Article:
T Nation

How Do You View Soreness?


Do you take soreness as a sign to back off a while, or a speedbump to push through? I'm talking about the soreness that comes with a new movement or an exercise you have not done in a while. F'rinstance, I just started doing skullcrushers, which is a different stress than the dips I normally do,and my tri's are sore 48 hours later.

Should I accept the soreness as part of the repair/growth cycle, wait until it subsides before doing triceps again, or push through and do my workout today, knowing I may not get all the way through it, since I'm starting out sore??


I usually test the waters. See how sore I really am after some good dynamic work. I usually find that Ican work through it and have a good workout. Gotta go though, its workout time.


I was thinking about this to myself this morning.

I view soreness as a good indicator to tell me where my muscles were hit more during a particular work out. This usually happens when I try something new.

Example, like if you change your grip on pullups from your normal grip, you may feel it more in you back, or lats.

Other times I see soreness as an indicator that I overdid it in an are....or I see soreness as an indicator that I should be working this muscle out more, cause I shouldn't get sore. Example, if my legs are sore after squating, it probably means I'm not squating enough in my training program.


It all depends... if the soreness is site specific to the area I trained and it's mild I usually go to the gym to do some active recovery work (stretching, working some other not as sore bodypart)

Sometimes soreness tells you when you are actually doing a workout properly... I've found that ME deadlifts tax every muscle group (especially back, legs, glutes, traps, & biceps)BUT also if you need more rest.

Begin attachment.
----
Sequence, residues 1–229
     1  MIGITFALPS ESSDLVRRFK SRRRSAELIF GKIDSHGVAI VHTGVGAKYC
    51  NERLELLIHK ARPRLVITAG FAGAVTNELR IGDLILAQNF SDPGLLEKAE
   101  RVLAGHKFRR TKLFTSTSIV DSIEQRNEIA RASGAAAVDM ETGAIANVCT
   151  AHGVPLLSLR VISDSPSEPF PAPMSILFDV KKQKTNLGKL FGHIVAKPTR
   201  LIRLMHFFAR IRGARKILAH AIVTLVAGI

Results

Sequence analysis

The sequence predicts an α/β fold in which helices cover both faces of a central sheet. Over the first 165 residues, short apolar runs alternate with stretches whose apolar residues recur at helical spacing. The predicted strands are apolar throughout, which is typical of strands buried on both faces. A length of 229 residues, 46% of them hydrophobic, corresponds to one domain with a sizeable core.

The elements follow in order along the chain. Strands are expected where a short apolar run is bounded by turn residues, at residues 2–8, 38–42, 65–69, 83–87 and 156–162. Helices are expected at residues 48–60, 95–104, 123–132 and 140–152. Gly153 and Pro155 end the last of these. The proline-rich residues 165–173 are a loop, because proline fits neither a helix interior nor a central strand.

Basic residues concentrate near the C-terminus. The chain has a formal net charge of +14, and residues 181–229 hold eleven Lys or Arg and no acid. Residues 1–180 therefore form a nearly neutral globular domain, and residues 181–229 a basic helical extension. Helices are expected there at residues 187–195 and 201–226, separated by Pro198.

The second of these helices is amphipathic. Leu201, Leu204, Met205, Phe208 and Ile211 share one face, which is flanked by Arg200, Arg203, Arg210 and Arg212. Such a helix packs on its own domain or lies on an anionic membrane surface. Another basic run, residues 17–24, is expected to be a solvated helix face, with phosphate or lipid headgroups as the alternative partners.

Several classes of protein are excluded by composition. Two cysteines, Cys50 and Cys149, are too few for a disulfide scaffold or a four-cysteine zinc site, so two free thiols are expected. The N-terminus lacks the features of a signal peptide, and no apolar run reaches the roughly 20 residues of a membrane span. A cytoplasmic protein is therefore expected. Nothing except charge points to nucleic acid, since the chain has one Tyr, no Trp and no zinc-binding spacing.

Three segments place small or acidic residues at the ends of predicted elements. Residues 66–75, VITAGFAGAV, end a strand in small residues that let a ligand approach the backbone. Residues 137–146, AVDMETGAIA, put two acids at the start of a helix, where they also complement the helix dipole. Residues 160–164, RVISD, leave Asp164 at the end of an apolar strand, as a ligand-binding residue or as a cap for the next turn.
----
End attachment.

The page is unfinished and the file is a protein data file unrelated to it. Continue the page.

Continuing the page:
Also, if the soreness is paralyzing (legs 2 days after doing ME squats)then I take a break from the gym and just keep stretching at home & in the office.


call me old fashioned, but I view soreness as a sign of progress.

I know there's plenty of info out there that proves you can make gains without soreness as an indicator, but I've always made sure the muscle groups I'm working are sore for 2-4 days after I work them, and my muscles have kept growing, so I'm sticking to it...


I do too. At the least, soreness usually occurs when you're doing something a little different. And switching things up after a time is always good for growth.


All muscle soreness is or DOMS (delayed onset muscle soreness) is the break down of non-contractile proteins within the myofibril. It is not an indicator of progress, nor is it an indicator of overtraining; there are better ways to assess those conditions. However some people like me just love the feeling of sore pecs bouncing as you descend a flight of stairs.


So being sore after six days from squatting is not a good sign?? or what


Six days is a bit excessive. I've been sore up to about 5 days, but that's after a pretty serious leg workout of squats, deads, lunges, step-ups, leg press, etc. In other words, if you do a ton of volume for legs you'll be sore for quite a while, but 6 days might mean you're leaping a bit past your current abilities.

Either that or you're using waaaay too long of an eccentric portion of the lift, IMO


I view it as a sign that I've done a novel movement. If it's really sore, I see it that I've stressed my muscles in a novel way.